The Walther Barth Film Collection at the Tennessee Archive of Moving Image and Sound consists of several thousand feet of silent 16mm reversal motion picture film, and documents three decades of Dr. Barth’s life, from his days as an engineer in late Weimar Germany to his immigration to the United States and eventual settlement in East Tennessee. Barth was a skilled amateur filmmaker, and he captured the hustle and bustle of cosmopolitan continental life, early evidence of Nazi influences on German society, pastoral outings, the verdant landscapes of upstate New York, the Great Smoky Mountains, and vignettes of family life. In the 1970s, Barth retired to Knoxville, where his son lived, and the younger Barth later donated the films to TAMIS. Representing the host of European expatriates who made a new home in America during the 20th century, Barth also typifies the diverse blend of people drawn to this region amidst the flurry of development initiated by the Tennessee Valley Authority, the Manhattan Project, and the emergence of the New South.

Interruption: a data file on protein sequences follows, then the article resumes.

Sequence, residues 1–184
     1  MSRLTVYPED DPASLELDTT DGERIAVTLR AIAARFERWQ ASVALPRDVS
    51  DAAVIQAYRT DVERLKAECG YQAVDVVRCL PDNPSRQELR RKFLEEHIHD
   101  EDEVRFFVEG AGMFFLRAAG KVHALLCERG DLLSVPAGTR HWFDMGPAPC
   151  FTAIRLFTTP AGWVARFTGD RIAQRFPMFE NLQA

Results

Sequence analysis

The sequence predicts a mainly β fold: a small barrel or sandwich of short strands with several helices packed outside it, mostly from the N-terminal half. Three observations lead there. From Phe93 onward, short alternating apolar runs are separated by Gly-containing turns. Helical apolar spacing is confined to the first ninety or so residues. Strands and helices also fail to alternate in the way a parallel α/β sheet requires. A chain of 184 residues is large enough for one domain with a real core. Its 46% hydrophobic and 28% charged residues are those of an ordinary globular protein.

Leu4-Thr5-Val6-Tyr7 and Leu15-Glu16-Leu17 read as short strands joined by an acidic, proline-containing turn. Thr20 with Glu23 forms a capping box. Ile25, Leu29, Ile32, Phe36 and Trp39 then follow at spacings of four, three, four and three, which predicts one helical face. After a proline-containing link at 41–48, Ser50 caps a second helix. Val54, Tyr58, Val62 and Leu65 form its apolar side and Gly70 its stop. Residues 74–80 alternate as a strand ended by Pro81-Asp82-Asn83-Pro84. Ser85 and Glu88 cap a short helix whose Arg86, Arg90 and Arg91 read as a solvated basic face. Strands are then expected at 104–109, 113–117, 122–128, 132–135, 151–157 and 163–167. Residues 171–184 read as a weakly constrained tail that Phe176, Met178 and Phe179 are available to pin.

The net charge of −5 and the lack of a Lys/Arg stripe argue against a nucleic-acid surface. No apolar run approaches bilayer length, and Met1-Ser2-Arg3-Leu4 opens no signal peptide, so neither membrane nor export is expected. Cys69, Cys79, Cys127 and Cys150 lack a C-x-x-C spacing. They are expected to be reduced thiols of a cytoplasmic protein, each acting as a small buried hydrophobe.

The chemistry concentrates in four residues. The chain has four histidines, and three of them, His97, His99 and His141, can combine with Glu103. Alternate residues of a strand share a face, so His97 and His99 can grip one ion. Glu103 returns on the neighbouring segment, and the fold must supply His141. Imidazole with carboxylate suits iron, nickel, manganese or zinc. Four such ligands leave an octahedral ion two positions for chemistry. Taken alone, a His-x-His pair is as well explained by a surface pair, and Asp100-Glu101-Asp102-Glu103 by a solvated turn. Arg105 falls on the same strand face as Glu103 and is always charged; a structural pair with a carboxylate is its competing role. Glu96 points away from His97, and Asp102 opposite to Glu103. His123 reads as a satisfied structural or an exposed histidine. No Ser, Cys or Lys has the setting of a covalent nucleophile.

You may view examples of Walther Barth's films at the following links:
The Walther Barth Film Collection at KCPL-TAMIS
Learn about the Walther Barth Film Collection at TAMIS and watch videos from the collection.